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February 10, 2011
leibholzIntermedia, which claims to be the largest independent provider of hosted Exchange, has cut its pricing. The tip came in from several TalkinCloud readers (thank you, folks). Intermedia is also trying to capitalize on continued concern about Microsoft’s cloud billing policies for channel partners.
I don’t have all the details but Intermedia Senior VP Robert Leibholz (pictured) confirmed the price cut over email to me. He also offered some thoughts on the Microsoft cloud billing debate. Leibholz and I are hoping to chat via phone soon to further discuss Intemedia’s hosted Exchange strategy.
In the meantime, some readers speculate that Intermedia is cutting hosted Exchange prices ahead of Microsoft’s Office 365 launch. Office 365 is the forthcoming successor to Business Productivity Online Suite (BPOS), which includes Exchange Online, SharePoint Online, and other SaaS applications managed by Microsoft. Entry-level pricing for BPOS is expected to be extremely aggressive.
For its part, Intermedia says its own hosted Exchange price cut has to do with economies of scale rather than countering Microsoft. “We certainly did lower pricing, but not in anticipated response to [Office] 365, which has not launched, and likely won’t for some time,” wrote Leibholz. “We have achieved a certain scale [over 50,000 seats in hosted Exchange 2010] and experience, and therefore optimized our cost structure. We wanted to pass some of that along to our partners. This was not at all a “preemptive strike.” Kinda funny, actually, but I can see how people might jump to that conclusion.”
I’ve dealt with Leibholz numerous times over the past couple of years. He’s one of the sharpest guys in the SaaS channel. I trust his word… but I still get the sneaky suspicion that Office 365 does pop into Intermedia’s mind from time to time. When Leibholz and I talk I’ll be sure to ask for new the specific hosted Exchange pricing information. And I’ll ask if the pricing pertains to new channel partners or all channel partners.
Meanwhile, Intermedia is trying to capitalize on the Microsoft cloud billing debate. As you may recall, Microsoft does not allow partners to manage cloud billing for end customers, though Microsoft Channel Chief Jon Roskill has dropped multiple hints that potential changes could come after Office 365 arrives.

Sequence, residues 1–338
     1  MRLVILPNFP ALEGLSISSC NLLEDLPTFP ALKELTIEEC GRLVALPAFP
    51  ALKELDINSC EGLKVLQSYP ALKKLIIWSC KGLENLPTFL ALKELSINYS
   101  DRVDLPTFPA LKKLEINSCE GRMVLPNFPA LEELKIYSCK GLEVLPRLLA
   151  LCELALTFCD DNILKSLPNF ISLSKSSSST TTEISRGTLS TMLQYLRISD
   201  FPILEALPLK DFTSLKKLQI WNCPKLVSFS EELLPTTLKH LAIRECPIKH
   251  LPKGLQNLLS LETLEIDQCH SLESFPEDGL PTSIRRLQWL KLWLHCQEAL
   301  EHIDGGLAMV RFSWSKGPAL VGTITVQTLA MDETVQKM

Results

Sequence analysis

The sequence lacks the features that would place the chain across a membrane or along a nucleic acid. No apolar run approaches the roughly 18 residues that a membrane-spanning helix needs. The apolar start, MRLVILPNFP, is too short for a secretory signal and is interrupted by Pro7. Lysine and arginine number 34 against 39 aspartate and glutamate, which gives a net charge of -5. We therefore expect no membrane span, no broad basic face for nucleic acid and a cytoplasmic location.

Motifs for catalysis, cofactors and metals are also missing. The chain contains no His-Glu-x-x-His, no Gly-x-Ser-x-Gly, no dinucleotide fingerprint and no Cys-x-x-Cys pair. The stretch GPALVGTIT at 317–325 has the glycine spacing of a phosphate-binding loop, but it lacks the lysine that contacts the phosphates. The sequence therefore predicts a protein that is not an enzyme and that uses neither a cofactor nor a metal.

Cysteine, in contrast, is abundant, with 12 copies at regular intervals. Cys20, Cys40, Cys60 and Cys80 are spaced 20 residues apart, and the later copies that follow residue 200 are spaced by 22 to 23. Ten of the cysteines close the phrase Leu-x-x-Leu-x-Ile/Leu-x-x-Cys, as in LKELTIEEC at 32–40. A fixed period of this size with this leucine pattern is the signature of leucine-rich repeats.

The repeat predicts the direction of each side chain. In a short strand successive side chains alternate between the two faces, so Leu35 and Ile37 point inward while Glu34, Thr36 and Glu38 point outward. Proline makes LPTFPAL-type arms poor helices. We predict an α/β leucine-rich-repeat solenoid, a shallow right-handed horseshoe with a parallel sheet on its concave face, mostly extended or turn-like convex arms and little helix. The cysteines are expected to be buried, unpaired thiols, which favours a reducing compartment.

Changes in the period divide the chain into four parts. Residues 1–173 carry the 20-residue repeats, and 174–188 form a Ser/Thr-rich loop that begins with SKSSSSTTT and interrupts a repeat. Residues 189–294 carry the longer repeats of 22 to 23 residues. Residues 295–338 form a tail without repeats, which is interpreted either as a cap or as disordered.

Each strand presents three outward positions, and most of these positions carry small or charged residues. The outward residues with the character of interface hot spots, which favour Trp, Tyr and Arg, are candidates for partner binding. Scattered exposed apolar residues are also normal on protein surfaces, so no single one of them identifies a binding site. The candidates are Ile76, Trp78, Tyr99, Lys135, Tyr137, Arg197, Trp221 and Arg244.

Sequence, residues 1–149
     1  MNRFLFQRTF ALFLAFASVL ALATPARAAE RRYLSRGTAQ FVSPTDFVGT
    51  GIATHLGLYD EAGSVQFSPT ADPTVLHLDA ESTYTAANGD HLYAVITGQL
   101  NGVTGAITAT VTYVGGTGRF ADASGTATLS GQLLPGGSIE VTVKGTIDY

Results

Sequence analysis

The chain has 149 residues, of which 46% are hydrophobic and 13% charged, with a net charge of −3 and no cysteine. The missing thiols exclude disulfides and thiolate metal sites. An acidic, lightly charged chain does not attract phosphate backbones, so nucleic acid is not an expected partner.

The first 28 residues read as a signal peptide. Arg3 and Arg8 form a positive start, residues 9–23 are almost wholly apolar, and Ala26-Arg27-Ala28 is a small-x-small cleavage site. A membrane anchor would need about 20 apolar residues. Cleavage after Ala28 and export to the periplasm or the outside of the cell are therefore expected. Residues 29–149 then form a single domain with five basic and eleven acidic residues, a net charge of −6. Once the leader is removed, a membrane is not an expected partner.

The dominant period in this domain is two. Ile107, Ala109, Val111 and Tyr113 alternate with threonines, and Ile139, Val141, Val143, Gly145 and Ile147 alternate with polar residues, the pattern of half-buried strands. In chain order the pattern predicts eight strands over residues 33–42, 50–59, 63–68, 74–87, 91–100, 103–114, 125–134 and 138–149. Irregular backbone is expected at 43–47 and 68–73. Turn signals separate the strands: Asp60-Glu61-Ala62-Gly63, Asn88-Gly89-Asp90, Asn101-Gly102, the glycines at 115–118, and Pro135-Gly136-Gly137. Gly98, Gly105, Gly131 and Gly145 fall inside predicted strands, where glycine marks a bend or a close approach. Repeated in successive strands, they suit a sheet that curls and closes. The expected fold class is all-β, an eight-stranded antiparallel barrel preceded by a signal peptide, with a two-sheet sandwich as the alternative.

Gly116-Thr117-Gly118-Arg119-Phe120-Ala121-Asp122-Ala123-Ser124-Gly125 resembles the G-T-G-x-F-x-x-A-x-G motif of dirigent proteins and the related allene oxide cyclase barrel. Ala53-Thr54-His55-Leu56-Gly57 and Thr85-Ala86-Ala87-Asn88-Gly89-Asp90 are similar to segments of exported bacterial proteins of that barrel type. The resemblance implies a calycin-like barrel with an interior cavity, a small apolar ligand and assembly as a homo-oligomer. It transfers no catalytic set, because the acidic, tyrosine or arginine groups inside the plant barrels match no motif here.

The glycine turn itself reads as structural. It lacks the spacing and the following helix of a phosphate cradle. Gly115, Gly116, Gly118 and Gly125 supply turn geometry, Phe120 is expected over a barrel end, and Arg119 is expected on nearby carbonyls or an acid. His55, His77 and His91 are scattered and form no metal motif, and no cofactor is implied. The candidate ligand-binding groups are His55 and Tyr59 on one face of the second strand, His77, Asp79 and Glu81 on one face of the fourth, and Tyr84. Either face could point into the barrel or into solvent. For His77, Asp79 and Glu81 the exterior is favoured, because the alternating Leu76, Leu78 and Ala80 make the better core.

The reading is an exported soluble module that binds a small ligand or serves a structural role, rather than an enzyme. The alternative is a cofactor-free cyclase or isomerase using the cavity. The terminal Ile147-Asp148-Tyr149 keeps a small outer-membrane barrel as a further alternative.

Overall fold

In the meantime, Intermedia is telling channel partners that they deserve the option to own end-customer SaaS billing. In an email, Intermedia’s Leibholz essentially said:
1. Channel partners want higher margins with freedom to price, bill and bundle. “With a “private label” program like Intermedia’s, partners set the service price and bundle it with other options – sometimes our products, other times their own,” he wrote.
2. Some VARs may prefer the “partner of record” model that Microsoft promotes. But Leibholz say the effort doesn’t go far enough. “With Intermedia, we offer the flexibility of month-to-month services with no contract or commitments,” he wrote. “Many of our partners use annual contracts with their customers, sometimes payable up front or in quarterly increments. These tactics improve the amount of cash available to a partner to fund equipment purchases and payroll. Without strong cash flow, even profitable growing businesses are sometimes forced to take financing or restrict sales. There is no other way for them to cover the gap between when bills are due and funds are received.”
3. Partners want stickier customer relationships. “With private label, partners own the customer, sell and integrate multiple services, and deepen their relationship,” said Leibholz. “For instance, a partner can dial up their image as a metro area’s financial services expert with their own branded email service plus associated services for ongoing compliance.”
“Bottom line is that a partner of record and private label approaches have significant differences, and partners should choose the model that aligns with their business objectives,” concluded Leibholz.
So far, more than 6,000 channel partners have embraced Intermedia’s white label services, Leibholz added.
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